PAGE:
A Woman for All Seasons

Bridging the cultural divide

How venture capitalist Laura Gonzalez-Estefani is bridging the EURO-U.S. cultural divide

By Doreen Hemlock

Her father was an entrepreneur in import-export who spoke four languages and traveled the world. Her mother is among the first generation of women in Spain moving up in corporate management. She grew up knowing no limitations on geography or gender, encouraged to dream big and “go for it.”

That background helps explain why Madrid-born Laura Gonzalez-Estefani is pioneering from Miami, developing one of the world’s few investment platforms led by women, focused internationally and working hands-on with entrepreneurs even before they take in seed capital.

She founded TheVentureCity in 2017 and has already raised nearly $180 million to invest in software companies globally, with stakes in such South Florida ventures as Boatsetter and Outloud.ai. Headquartered in Miami and Madrid, TheVentureCity now works with roughly 180 founders, 110 companies, 50 investors, and 70 partners from Google to eBay. Its staff tops 30 in Spain, California, Brazil, and Miami, where it employs eight, says the effervescent Spaniard, who calls herself “a citizen of the world.”

“Talent has no zip code,” says Gonzalez-Estefani. “And you don’t have to move to the U.S. to work for an American company now. There are so many Americans building ventures now from Argentina, Spain, and other places where the cost of talent is cheaper.”

A mother of three and now 46 years old, Gonzalez-Estefani became a tech entrepreneur at age 21, co-founding an international beach tourism site, Esplaya.com. That was back in 1999, when the internet was new and “empty of content,” even before Google took off. But when the dot-com bubble burst in 2000, the intrepid Spaniard says she learned a hard lesson: “What it meant not to have the right investors.”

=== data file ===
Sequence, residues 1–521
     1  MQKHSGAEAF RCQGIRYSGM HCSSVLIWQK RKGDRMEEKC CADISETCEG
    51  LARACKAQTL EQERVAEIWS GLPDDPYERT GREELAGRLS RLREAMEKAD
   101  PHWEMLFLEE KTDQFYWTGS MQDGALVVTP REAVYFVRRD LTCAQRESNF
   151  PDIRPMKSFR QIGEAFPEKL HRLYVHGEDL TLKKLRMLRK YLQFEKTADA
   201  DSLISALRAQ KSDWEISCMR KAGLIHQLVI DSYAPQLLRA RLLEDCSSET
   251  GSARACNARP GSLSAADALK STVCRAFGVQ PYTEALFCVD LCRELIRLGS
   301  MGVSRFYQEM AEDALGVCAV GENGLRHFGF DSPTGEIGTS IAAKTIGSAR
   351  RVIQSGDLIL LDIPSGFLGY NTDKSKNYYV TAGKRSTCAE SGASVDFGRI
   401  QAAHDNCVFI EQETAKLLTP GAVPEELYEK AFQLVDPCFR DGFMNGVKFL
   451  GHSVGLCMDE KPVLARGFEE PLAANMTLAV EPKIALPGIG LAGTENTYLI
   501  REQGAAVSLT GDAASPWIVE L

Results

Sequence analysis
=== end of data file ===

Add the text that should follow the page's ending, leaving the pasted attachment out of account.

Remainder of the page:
She went to work for others, including Siemens and eBay, and in 2008 became Facebook’s first employee in Madrid as country manager for Spain. She helped develop Facebook in several European nations, and in 2011 moved to Facebook headquarters in California, eventually leading its growth and mobile partnerships for Latin America. She traveled often through Miami, where she was impressed by myriad entrepreneurs from humble origins – often immigrants like herself – who’d built billion-dollar companies that she dubs “iguana-corns” and developed multi-generational wealth from their own sweat and creativity.

“The biggest surprise for me in Miami has been the talent,” says Gonzalez-Estefani. “Very early on, I got to meet Manny and Melissa Medina, Adriana Cisneros… people whose families started pretty much from nothing; extremely resilient, scrappy, authentic people who don’t hide who they are and are proud of their beginnings. They’d invite you to their homes, cook for you, introduce you to their friends. And I was like: What is this? When I moved to the [San Francisco] Bay Area, nobody welcomed me this way.”

Eager to return to entrepreneurship and innovate in financing startups, Gonzalez-Estefani relocated to Miami in 2015 “to learn from the best,” she says. She tapped her network from Silicon Valley, Latin America, and beyond, partnering with Miami-based investment advisor Clara Bullrich and operations chief Santiago Canalejo to launch TheVentureCity two years later. She calls the group a community, not a venture capital company. “We had a community of founders and operators before we had a venture capital fund,” she says.